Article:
The budget cuts made by our elected representatives in Washington "hammered Medicaid recipients with $16 billion in gross cuts over the next decade."(2) "States also will be allowed to scale back some Medicaid benefits, while tightening eligibility for Medicaid nursing home reimbursement. Net five year savings: $4.8 billion."(1)

This cost cutting bill "does less to reduce the deficit than to shift its burden to the shoulders of poor and middle class folks, who...need help with paying for a nursing home or putting their kids through college....Nursing home aid has become a last-ditch help to many middle-class familes. Yet at a time of rising costs, Congress has put the budget-cutting knife to these ...programs."(1) In past generations families cared for their dependent elders at home. Now, living costs demand that both husband and wife work, some holding down two jobs , and home care for an aged relative is impossible.What are they supposed to do? Abandon the elders by the wayside to perish, as some primitive tribes were wont to do?

Cutting health benefits to the poor seemingly would require them to cover the lost benefits with out of pocket payments. Raising their copayments and premiums would necessitate even more personal expenditures. When income levels are so low that every dime is needed to pay for basic necessities of life - housing, food, clothing - there is no extra money to pay increased medical costs. Often choices must be made: food or medicine, rent or doctor bills.Yet, " according to the New York Times, Rep. Joe L. Barton (R-Tx)...said the increased copayments were needed to 'encourage personal responsibility' among low income people."(2)

Apparently Congress believed that placing these hardships on the poor would result in great savings to the budget. Dionne says that Kevin Freking of the Associated Press reported, "The Congressional Budget Office has concluded that such increases would lead many poor people to forego health care or not to enroll in Medicaid at all...contributing to some of the $4.8 billion in Medicaid savings envisioned over the next five years."(2) Is this the logic of people elected to represent the people? By pricing health care costs beyond the budget of poor people, they would forgo it and thereby present a cost cutting factor of $4.8 billion?

So what are the poor to do? Die from lack of medical care, or find another avenue to obtain it. Some will do without. Some will opt for another source of help as many do now: they will go to local city/county hospitals' Emergency Rooms for treatment. Instead of the Medicaid cost of a clinic visit, the state or county taxpayers will have to foot a $600 to $700 -plus Emergency Room bill. State law requires that all patients be treated and stabilized, regardless of ability to pay. Nationwide hospitals operate in the red because of so many people using the Emergency Rooms like a doctor's office or clinic. But that is the states' problem, not the federal government.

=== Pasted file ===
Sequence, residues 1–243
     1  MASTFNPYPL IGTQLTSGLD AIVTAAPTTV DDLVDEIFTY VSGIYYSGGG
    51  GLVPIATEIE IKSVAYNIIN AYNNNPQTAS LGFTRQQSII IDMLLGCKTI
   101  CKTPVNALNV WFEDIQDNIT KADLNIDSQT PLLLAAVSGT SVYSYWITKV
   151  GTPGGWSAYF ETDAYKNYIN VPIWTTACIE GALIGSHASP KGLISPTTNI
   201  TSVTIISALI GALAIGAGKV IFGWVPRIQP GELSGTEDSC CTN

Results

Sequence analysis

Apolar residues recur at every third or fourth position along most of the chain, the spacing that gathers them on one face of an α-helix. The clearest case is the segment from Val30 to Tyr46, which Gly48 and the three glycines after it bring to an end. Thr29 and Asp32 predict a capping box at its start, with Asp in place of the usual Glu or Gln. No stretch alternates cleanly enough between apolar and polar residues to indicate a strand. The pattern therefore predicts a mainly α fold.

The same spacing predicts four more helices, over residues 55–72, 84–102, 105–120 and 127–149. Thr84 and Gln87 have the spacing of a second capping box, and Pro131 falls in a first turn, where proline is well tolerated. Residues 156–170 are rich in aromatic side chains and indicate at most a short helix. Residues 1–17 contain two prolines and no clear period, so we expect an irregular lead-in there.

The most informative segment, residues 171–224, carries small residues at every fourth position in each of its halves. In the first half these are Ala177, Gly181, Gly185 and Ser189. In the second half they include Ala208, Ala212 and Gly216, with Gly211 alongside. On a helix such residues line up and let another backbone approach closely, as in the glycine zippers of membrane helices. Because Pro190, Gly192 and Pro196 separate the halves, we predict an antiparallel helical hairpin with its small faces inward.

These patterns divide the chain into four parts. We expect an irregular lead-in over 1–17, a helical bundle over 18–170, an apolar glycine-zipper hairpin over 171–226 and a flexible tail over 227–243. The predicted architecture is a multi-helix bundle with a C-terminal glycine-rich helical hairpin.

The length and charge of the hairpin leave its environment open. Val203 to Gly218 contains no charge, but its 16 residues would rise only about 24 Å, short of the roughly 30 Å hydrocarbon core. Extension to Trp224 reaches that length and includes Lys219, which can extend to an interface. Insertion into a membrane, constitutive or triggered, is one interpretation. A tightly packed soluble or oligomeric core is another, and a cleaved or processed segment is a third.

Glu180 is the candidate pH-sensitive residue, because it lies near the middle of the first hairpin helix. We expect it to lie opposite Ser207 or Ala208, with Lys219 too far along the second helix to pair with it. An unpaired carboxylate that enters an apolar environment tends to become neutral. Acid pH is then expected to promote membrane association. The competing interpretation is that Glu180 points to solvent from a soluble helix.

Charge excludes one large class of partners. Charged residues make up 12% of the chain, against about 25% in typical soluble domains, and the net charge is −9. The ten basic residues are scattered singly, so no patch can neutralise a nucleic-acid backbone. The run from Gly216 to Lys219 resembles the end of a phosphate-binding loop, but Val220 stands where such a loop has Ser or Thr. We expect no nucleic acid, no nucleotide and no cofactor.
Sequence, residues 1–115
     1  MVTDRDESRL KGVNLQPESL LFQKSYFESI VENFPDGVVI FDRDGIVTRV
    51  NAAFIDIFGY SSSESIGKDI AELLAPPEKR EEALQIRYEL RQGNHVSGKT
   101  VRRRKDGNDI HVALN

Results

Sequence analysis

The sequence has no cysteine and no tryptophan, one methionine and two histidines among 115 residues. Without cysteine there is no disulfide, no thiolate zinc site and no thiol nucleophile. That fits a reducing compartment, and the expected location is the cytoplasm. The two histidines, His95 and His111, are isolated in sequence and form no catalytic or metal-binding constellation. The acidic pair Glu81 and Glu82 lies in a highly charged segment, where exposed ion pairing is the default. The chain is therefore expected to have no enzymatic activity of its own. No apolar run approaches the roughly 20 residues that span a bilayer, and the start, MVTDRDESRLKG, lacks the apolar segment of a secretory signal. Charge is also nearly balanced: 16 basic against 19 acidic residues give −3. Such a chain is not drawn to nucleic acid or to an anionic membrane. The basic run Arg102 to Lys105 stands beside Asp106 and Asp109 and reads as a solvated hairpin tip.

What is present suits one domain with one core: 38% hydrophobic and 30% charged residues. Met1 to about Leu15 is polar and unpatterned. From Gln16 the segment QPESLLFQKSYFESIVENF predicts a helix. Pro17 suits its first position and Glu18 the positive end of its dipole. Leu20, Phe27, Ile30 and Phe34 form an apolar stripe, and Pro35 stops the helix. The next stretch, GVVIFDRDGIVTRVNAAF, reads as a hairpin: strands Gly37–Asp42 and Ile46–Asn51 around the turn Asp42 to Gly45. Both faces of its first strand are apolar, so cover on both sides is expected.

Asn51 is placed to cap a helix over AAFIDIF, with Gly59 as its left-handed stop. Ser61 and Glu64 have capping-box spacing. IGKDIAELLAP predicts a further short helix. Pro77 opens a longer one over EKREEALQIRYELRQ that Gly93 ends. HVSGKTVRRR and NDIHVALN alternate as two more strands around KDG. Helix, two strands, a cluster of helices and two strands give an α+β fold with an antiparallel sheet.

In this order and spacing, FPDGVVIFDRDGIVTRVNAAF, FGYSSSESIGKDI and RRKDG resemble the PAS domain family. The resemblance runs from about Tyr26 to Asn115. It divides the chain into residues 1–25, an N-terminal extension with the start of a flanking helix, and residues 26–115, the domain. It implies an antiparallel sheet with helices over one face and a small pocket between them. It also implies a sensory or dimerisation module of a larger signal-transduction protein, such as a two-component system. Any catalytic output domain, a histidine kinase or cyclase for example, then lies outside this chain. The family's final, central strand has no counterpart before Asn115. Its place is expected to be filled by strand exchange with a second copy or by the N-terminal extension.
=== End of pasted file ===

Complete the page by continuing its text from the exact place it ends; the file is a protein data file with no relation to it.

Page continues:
Our fearless leaders in Washington struggled valiantly to trim the budget by $39.7 billion during the next five years at the expense of the nation's most needy and vulnerable, while at the same time Bush's most recent tax cuts to the wealthy awards $70 billion in capital gains tax cuts for mostly upper-income earners and investors.

"The national government has placed itself squarely on the side of the wealthy, the privileged and the connected....When choices have to be made, the interests of the poor and middle class fall before the wishes of interest groups with powerful lobbies and awesome piles of campaign money to distribute."(2)

It is no wonder that the majority of the Bush administration has so little regard for the common citizens. They apparently echo the President's attitude towards the poor and the marginally successful of the people. According to Steinhorn, "Bush conservatism is built on a fundamental cultural narrative ... that success is a sign of virtue, and anything less, particularly poverty, can be explained only through a character flaw."(3)

"It's a ...view coded into the Bush and Reagan tax cuts, which showered money on the super wealthy under the assumption that these are the real people who know how to build America. Those with money...contribute more to our nation's health than those who merely work. They, the rich, have wisdom and virtue.

"And because those who aren't successful must be responsible for their lack of success, it's no business of government to be there for them.Thus the President tries to privatize social security and cut other benefits - he calls it an 'ownership society', but in real life that translates to an 'on your own society'. If you don't properly prepare for your future, you have only yourself to blame."(3)

More on that note in another post.